Hillary Victory Fund

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The Hillary Victory Fund solicited donations online using a web form. By giving to a joint fundraising committee, donors could exceed the $2,700 per person cap on donations to a presidential campaign.[1]

The Hillary Victory Fund was a joint fundraising committee for Hillary for America (the Hillary Clinton presidential campaign organization), the Democratic National Committee (DNC), and 33 state Democratic committees.[2] As of May 2016, the Fund had raised $61 million in donations.[3]

The Fund's promotional materials described it is a way to "support Hillary Clinton and Democrats up and down the ticket."[4] Individual donations were first allocated to Hillary for America (up to $2,700 or $5,400 for married couples), then to the Democratic National Committee (up to $33,400) and finally divided among state parties.[4] During the primaries, the state parties received little of the funds raised.[3] The Bernie Sanders campaign criticized the Fund and alleged that Clinton's campaign was "looting funds meant for the state parties to skirt fundraising limits on her presidential campaign."[5]

History[edit]

The Clinton campaign courted state party leaders to join the Fund during the August 2015 Democratic National Committee summer meeting.[6] The fund's launch was originally delayed by concerns from the Clinton campaign over the party's control of shared monies,[7] but went forward on September 10, 2015, as a partnership between the Clinton campaign and the United States Democratic Party's Democratic National Committee.[8] The fund was the earliest fundraising coalition formed between a presidential candidate and the national party.[6] Several officials in the national committee only became aware of the plans in the weeks before its launch.[7] The 33 state parties were added six days later.[8] Mississippi, New Hampshire, Virginia, and Wisconsin were among the first state Democratic Party committees to commit to the Victory Fund. The states, in turn, would receive monies from the fund and assistance with voter registration.[7] Some states, like California, Iowa, Nebraska, and Washington, chose not to participate. The Utah Democratic Party chose to participate and its head said that state donations were expected to be sent to national headquarters.[6] Access to the fund was "legally available to any Democratic candidate", though only Clinton's campaign received direct access to large donors.[7] A spokesperson for the Democratic National Committee said that the joint fundraising committee was designed to raise funds for use after the presidential primary,[2] and was no different from the victory funds of the previous two presidential elections.[6] Proceeds would be invested in the national electoral roll, state party budgets, and expanded research, digital, and communications systems.[6]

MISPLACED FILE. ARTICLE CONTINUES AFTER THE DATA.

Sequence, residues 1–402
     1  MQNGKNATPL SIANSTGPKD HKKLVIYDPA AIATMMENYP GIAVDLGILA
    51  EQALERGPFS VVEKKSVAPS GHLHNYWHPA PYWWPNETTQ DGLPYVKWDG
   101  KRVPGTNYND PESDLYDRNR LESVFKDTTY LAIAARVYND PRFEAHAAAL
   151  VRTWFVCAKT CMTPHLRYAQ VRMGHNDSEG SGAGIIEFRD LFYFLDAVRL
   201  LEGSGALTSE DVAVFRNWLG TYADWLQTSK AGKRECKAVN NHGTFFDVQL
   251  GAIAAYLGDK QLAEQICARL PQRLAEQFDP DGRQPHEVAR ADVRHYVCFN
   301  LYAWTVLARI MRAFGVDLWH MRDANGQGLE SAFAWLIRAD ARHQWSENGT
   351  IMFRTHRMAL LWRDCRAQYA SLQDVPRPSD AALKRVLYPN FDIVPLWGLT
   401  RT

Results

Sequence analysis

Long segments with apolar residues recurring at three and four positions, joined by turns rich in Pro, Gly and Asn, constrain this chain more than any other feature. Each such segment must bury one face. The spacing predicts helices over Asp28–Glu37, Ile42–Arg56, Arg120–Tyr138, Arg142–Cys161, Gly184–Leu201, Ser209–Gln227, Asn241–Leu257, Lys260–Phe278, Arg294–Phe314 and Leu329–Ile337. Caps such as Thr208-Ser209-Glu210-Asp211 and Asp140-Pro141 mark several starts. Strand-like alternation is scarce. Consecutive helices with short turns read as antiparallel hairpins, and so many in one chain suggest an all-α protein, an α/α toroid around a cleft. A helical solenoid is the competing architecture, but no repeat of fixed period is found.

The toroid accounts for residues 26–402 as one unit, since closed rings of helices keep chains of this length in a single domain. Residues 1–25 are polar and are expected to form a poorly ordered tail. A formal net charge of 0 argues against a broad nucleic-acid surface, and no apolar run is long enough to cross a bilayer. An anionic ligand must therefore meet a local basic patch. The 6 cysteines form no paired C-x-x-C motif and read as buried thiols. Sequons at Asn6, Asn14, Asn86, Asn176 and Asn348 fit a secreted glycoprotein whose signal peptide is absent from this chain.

The fund raised about $27 million in 2015 and received "six-figure donations from longtime Clinton allies".[6] Hillary Clinton attended her first Hillary Victory Fund event in early December 2015 with 160 attendees.[2] The musician Sting hosted the event in New York.[6] Tickets ranged from $33,400 per person to $100,000 per couple, and raised $8 million for the fund.[9] The fund held a second event, hosted by Elton John and Katy Perry in Radio City Music Hall, in early March 2016. George and Amal Clooney hosted a third fundraiser on April 15, 2016, in the Bay Area home of venture capitalist Shervin Pishevar for the Hillary Victory Fund in which seats at the head table with the Clooneys and Clinton cost $350,000. A fundraiser the next day at the Clooneys' mansion had an entrance fee of $33,400 per person. (For comparison, other Clinton fundraisers without celebrities asked hosts to raise $10,000 to $50,000.) Attendees at the Clooney mansion event included Kate Capshaw and Steve Spielberg, Jeffrey Katzenberg, and Haim and Cheryl Saban.[9] Following the national committee's decision to end its 2008 ban on federal lobbyist contributions, the International Business Times reported another event on March 21, 2016, organized by Clinton campaign chair John Podesta, Citibank and News Corporation lobbyist Steve Elmendorf, pharmaceutical lobbyist Jeff Forbes, and financial lobbyist Susan Brophy for the Hillary Victory Fund. A single donor could give upwards of $700,000 to the fund.[10]

Finances[edit]

The fund was managed by the Clinton campaign and its treasurer was the campaign's chief operating officer, Elizabeth Jones, who had the sole discretion for the timing of money transfers. The Washington Post wrote that the fund operated within the Clinton campaign and was run by campaign staff, who were, in turn, funded by the Hillary Victory Fund.[6] Money raised by the Fund was deposited with Amalgamated Bank, a union-owned bank that also hosted accounts of Hillary for America and the Democratic National Committee. The campaign said that the state parties and other party campaigns would benefit from the agreement in a time when Republicans received donations in "record amounts".[6] The campaign saw itself as competing with "untold hundreds of millions of dollars being spent with zero accountability by super PACs".[6]